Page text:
All students in the UK will study English at primary and secondary level, including at GCSE. However, at upper secondary level some students may also choose to study either GCSE English Language and/or GCSE English Literature. Some students may choose to study English at A level and then perhaps go on to study it at degree level when they go to university.
The overarching aim for English in the national curriculum is to promote high standards of language and literacy by equipping pupils with a strong command of the spoken and written language, and to develop their love of literature through widespread reading for enjoyment.
The national curriculum for English aims to ensure that all pupils:
• read easily, fluently and with good understanding
• develop the habit of reading widely and often, for both pleasure and information
• acquire a wide vocabulary, an understanding of grammar and knowledge of linguistic conventions for reading, writing and spoken language
• appreciate our rich and varied literary heritage
• write clearly, accurately and coherently, adapting their language and style in and for a range of contexts, purposes and audiences
• use discussion in order to learn; they should be able to elaborate and explain clearly their understanding and ideas
• are competent in the arts of speaking and listening, making formal presentations, demonstrating to others and participating in debate.
Studying English at GCSE involves responding to fictional and non-fictional texts, and the English Language exams also involve writing fiction and non-fiction texts.
The focus of English Literature A level is the study of novels, poetry and plays, though it also can include prose other than fiction such as biography, travel writing, essays and scripts for films or television.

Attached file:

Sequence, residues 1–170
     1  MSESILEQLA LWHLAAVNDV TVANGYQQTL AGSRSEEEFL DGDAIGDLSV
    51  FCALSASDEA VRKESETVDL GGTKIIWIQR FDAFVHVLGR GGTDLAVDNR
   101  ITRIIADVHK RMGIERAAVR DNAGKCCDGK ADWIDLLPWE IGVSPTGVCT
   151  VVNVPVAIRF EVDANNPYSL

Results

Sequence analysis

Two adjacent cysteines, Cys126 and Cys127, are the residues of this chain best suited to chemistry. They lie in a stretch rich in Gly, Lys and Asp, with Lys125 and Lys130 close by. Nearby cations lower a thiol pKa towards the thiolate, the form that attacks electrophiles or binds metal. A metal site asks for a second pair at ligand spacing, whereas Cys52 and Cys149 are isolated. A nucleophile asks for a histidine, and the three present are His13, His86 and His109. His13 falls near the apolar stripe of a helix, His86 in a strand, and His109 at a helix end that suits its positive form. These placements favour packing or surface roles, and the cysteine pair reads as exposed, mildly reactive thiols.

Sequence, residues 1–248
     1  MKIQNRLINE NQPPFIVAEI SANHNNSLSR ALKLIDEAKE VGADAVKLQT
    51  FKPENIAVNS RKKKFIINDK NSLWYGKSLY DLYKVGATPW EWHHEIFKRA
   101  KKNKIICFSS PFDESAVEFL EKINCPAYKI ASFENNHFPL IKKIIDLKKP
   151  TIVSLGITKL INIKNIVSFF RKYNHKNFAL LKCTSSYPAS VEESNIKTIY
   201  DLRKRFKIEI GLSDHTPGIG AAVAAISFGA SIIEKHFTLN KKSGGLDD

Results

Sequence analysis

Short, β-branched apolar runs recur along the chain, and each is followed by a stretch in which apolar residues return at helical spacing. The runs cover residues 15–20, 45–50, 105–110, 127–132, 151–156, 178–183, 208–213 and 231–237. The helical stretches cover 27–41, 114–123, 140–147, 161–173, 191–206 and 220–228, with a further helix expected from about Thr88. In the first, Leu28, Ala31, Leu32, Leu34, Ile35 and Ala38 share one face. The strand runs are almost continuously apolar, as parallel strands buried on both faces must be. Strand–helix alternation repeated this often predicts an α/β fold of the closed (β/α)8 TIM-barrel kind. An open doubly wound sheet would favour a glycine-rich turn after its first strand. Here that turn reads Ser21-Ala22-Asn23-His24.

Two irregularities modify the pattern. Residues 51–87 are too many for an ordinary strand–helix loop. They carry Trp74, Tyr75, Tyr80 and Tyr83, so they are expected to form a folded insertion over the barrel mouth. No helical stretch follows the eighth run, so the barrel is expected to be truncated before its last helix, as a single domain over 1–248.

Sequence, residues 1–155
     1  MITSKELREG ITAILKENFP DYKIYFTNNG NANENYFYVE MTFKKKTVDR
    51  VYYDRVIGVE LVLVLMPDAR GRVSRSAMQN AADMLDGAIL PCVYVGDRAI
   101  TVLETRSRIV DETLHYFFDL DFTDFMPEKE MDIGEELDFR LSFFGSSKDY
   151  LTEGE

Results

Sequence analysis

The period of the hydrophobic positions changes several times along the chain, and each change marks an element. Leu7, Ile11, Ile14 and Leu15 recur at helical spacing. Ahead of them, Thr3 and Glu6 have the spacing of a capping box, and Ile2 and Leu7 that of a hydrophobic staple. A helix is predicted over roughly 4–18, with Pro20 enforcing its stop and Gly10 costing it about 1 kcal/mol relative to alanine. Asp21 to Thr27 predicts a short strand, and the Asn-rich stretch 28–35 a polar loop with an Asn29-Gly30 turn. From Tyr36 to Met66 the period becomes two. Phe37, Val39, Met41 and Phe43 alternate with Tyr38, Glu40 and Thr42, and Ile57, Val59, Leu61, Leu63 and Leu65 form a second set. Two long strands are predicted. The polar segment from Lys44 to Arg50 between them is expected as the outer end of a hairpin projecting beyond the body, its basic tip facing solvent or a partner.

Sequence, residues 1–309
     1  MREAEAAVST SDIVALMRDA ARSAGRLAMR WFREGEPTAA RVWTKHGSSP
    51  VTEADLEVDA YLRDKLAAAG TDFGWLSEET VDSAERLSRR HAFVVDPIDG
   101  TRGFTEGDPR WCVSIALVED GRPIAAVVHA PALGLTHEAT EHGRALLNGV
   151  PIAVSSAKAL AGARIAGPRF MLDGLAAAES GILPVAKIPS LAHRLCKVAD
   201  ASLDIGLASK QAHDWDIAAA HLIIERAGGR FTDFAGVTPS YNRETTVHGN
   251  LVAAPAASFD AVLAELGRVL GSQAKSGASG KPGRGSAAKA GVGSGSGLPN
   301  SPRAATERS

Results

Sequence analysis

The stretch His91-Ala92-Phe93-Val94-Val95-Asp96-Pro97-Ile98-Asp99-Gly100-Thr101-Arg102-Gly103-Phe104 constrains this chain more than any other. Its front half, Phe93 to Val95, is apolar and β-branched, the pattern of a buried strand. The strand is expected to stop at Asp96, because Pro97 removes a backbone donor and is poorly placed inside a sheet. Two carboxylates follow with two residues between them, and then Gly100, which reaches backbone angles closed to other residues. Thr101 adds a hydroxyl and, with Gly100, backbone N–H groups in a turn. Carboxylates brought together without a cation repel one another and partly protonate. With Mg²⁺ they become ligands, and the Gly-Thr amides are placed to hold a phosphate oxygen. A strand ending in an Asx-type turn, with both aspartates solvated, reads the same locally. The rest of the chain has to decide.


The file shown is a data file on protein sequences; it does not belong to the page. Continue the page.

The central method of this study is close textual analysis, but also you will read texts using the tools of historical contextualisation and more theoretical or philosophical approaches.
At A Level English courses focus on the need to write coherently in a mature and sophisticated style. Additionally, you will develop the skills of textual analysis. The cornerstone of any literary essay is the apt use of references to the source text. These references must then be carefully explained in terms of what they mean and how they achieve that meaning.
A traditional degree in English Literature remains very well respected as a qualification – it is considered a ‘facilitating subject’ – because it requires effective oral and written communication and the ability to synthesise, analyse and evaluate demanding material.
Those wanting to study Literature at university often combine English A level with A levels in Modern Foreign Languages, History, Drama, Philosophy, Politics, Economics, Psychology and Classics.
A degree in English is considered a good grounding for a career in journalism and the media and perhaps essential for those who want to work in publishing. It is not unusual for those who work in the legal profession to have an undergraduate degree in English before converting to study law.
Work in administrating organisations such as theatres and galleries are also often undertaken by those with degrees in English.
A good first port of call for those interested in studying English either at A level and/or at degree level is to visit the UCAS (Universities and Colleges Admissions Service) website.